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Chemical evolution of pore fluids during diagenesis is important to oil and gas origin and migration and mineral deposits. Authigenic sphalerite, a potential geochemical indicator, has been found in reservoir rocks that include the following: (1) Mississippian Osage formation, (2) the Pennsylvanian Strawn Formation, (3) the Jurassic "Gray" sandstones (Smackover), (4) the Jurassic Cotton Valley Formation, and (5) the Cretaceous Hosston Formation. These and two previously reported occurrences in the Smackover suggest a widespread occurrence of sphalerite in subsurface pre-Tertiary sedimentary rocks of north Texas and the Gulf Coast.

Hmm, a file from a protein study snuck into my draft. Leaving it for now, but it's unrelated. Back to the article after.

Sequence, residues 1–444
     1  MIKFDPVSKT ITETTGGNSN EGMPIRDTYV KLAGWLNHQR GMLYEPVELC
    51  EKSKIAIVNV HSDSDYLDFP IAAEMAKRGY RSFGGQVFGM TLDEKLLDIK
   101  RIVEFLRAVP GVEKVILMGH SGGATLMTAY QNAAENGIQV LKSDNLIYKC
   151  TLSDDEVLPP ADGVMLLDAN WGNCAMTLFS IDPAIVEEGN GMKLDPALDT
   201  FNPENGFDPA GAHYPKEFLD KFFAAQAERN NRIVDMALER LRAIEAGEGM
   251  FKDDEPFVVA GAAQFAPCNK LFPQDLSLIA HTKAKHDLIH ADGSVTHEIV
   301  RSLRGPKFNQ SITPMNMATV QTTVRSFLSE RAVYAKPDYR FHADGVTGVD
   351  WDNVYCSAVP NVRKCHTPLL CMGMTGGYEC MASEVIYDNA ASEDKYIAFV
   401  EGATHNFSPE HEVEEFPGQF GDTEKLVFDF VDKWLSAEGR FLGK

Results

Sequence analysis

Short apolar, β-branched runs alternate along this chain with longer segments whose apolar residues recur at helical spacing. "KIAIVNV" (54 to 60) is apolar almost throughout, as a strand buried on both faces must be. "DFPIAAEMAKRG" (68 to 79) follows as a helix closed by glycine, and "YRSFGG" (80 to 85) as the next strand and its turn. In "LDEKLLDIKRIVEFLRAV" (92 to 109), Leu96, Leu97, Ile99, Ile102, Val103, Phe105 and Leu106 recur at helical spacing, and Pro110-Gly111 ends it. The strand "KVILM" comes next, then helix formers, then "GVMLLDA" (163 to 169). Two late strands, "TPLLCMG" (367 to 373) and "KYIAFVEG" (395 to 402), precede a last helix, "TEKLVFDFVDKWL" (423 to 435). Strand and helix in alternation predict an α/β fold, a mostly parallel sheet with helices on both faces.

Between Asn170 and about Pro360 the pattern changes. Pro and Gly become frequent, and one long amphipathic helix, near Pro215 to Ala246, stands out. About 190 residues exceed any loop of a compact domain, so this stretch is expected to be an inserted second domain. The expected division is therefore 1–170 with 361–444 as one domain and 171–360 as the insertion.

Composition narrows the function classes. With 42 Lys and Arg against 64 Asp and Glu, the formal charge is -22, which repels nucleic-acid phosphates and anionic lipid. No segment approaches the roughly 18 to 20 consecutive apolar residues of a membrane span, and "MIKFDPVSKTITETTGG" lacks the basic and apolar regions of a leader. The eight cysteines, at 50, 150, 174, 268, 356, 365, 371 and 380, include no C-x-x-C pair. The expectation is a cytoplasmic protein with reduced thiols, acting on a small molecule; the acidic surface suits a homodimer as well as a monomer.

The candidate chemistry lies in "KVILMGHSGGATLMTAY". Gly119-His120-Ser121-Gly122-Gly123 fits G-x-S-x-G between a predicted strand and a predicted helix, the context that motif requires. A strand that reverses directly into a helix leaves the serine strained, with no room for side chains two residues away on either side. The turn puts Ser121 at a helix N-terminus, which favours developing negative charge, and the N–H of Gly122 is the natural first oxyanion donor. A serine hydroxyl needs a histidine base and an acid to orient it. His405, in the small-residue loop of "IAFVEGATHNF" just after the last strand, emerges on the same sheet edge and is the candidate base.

Preliminary examinations reveal the following two modes of sphalerite occurrence: (1) as finely crystalline patches of cement in sandstones or limestones, and (2) as individual crystals in ooids or in the cement of oolitic limestones. In some sections, formation of sphalerite appears to be early, with zinc and reduced sulfur derived from nearby shales. In others, late formation and distant sources seem to be most likely. Further studies of the chemistries of sphalerite and fluid inclusions, associated host rock alterations, and temporal and spatial distribution of sphalerite may lead to improved understanding of pore-fluid chemistry during hydrocarbon origin and migration.
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